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Oliver Sacks: His Own Life review - a complex portrait of a complex man | reviews, news & interviews

Oliver Sacks: His Own Life review - a complex portrait of a complex man

Oliver Sacks: His Own Life review - a complex portrait of a complex man

Occasionally reverential documentary about the British neurologist

Oliver Sacks with a graphic image of the brain's synapses - a lifelong fascination

It’s well worth tracking down one of the September 29 special cinema screenings of Ric Burns' lovingly made documentary portrait of the writer and neurologist Oliver Sacks, or seeking it out online.

Famous for his vivid, insightful descriptions of people living with disabling conditions (Awakenings, The Man Who Mistook His Wife for a Hat, An Anthropologist on Mars), Sacks was born into a brilliant Jewish family of doctors in north-west London in 1933, but after studying medicine at Oxford, spent most of his working life in America. 

Burns had the luxury of making the film with full co-operation from Sacks himself, who made his extensive personal archive available to him. The documentary opens in 2015 with an interview filmed in Sacks' office, surrounded by friends and colleagues, as the 82-year-old describes how his cancer has metastasised and outlines his plans for the brief time he has left. Burns has assembled a stellar cast of family and friends, including the late Jonathan Miller (who went to school with Sacks) and remembers him as a brilliant but chaotic young man.

There's a wonderful interview with the great French neurologist Isabelle Rapin, who helped Sacks in his early years in the US and became his mentor when he was beset with personal demons that led him to amphetamine addiction. Scarred by his surgeon mother’s disapproval of his homosexuality (she described it as "an abomination"), Sacks struggled to find romantic love until well into his 70s.

There are valuable insights too from the American surgeon and writer Atul Gawande who describes Sacks in his youth as brilliant but self-destructive and pays tribute to his skill as a writer able to bring complex science to a wide audience. Only occasionally does the documentary drift into hagiography when interviewees such as Paul Theroux and Robert Krulwich fall over themselves to praise Sacks.Oliver SacksBurns has ample access to an extraordinary rich archive of film and photographs. We see Sacks in his California heyday as an impressive weightlifter and enthusiastic biker (pictured above, in full Tom of Finland leathers), who would go on marathon long-distance rides to blot out his unhappiness. The filmed recordings from the early '70s of the (temporary) recovery of patients who were victims of the 1920s encephalitis lethargica epidemic are as moving as ever.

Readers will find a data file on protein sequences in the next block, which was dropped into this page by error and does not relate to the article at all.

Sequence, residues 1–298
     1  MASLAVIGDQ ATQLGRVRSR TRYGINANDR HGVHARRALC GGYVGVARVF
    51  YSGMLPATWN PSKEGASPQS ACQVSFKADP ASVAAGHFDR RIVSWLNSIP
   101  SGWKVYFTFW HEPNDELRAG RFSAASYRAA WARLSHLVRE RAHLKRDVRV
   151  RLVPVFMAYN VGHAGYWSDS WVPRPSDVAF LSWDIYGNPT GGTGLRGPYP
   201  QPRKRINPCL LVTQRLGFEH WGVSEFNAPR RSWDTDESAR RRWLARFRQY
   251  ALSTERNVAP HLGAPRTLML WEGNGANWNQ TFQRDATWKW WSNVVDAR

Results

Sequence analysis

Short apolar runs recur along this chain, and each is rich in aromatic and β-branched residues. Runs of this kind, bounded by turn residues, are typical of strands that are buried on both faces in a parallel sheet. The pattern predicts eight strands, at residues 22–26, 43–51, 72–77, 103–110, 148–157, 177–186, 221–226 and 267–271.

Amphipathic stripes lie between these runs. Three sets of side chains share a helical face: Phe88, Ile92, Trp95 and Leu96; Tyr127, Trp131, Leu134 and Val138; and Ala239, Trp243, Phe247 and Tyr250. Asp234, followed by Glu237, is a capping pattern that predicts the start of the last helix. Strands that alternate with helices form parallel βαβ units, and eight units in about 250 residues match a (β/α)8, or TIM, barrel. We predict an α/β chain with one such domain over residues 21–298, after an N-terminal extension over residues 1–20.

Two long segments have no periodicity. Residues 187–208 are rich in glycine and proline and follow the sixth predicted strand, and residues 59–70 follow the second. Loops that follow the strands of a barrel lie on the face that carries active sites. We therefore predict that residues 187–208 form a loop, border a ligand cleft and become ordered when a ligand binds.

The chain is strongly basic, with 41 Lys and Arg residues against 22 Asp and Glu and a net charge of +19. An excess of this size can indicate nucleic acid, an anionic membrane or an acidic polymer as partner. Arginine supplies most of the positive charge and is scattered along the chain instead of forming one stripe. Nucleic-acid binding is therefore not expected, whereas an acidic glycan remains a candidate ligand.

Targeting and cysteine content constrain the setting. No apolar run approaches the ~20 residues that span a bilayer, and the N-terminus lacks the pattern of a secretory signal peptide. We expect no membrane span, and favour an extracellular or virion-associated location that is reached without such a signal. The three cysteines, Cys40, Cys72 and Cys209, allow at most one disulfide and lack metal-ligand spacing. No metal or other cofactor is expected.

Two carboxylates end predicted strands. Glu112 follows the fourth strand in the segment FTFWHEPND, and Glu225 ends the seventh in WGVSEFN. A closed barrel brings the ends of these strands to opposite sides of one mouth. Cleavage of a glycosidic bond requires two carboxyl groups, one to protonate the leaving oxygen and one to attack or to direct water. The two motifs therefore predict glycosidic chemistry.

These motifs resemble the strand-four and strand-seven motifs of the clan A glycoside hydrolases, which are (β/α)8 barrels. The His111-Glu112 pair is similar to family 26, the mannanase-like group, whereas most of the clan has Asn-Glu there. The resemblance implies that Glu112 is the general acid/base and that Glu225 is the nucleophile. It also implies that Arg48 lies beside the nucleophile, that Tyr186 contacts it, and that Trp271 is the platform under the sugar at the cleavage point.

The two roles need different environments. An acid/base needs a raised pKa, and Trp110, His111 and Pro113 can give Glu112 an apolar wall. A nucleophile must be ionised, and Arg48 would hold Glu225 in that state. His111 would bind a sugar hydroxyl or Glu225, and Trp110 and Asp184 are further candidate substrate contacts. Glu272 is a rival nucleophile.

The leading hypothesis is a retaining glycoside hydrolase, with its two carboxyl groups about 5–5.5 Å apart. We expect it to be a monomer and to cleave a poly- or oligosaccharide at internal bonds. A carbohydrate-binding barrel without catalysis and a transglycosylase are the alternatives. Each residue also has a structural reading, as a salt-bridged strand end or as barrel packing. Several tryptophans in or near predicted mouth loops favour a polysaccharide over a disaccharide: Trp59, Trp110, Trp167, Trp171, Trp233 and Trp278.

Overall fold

The neurologist's book about his patients' "awakening" from a seemingly near comatose state after he gave them the Parkinson's drug L-DOPA, became an acclaimed Yorkshire Television documentary in 1974. Sixteen years later it was turned into a somewhat mawkish Hollywood feature film starring Robin Williams and Robert De Niro.

I filmed an interview with Sacks for the BBC's Late Show when he was brought to the UK to publicise Awakenings by the studio which had made it. It was painful to watch his emotional distress when he was asked about the script-writers' wholesale invention of a redemptive romance between his on-screen character and a kindly nurse. Much of the interview ended up on the cutting-room floor. Off camera he told me that he had ignored the imagined romance completely; all that had mattered to him was that the actors playing the patients with encephalitis portrayed them accurately. 

There’s no space in Burns documentary for the criticism that Sacks received from disability activists and academics, particularly geneticist Tom Shakespeare. In 1996 he described Sacks' accounts of his patients as akin to a colonialist patronisingly describing the natives and not allowing them to speak for themselves. Perhaps because Burns was aware of the criticism, he presents new interviews with Temple Grandin, the autistic scientist, and the artist Shane Fistell, who has Tourette’s Syndrome, both of whom featured in Sacks' books and retain huge admiration for the neurologist.

For me, some of the archive footage of profoundly disabled patients being ministered to by Sacks verges uncomfortably close to the freak show. But I find it hard to see Sacks simply as a patronising exploiter of disabled people simply for his own glory. He was patently eager to be acclaimed as a writer and respected as a scientist by his peers, but he also sought to understand his patients' lived experience. Setting Sacks' work in the context of the trauma of watching his beloved older brother descend into violent schizophrenia during his teens, his own repressed homosexuality and his own neurological quirks helps round out a complex portrait of a complex man.

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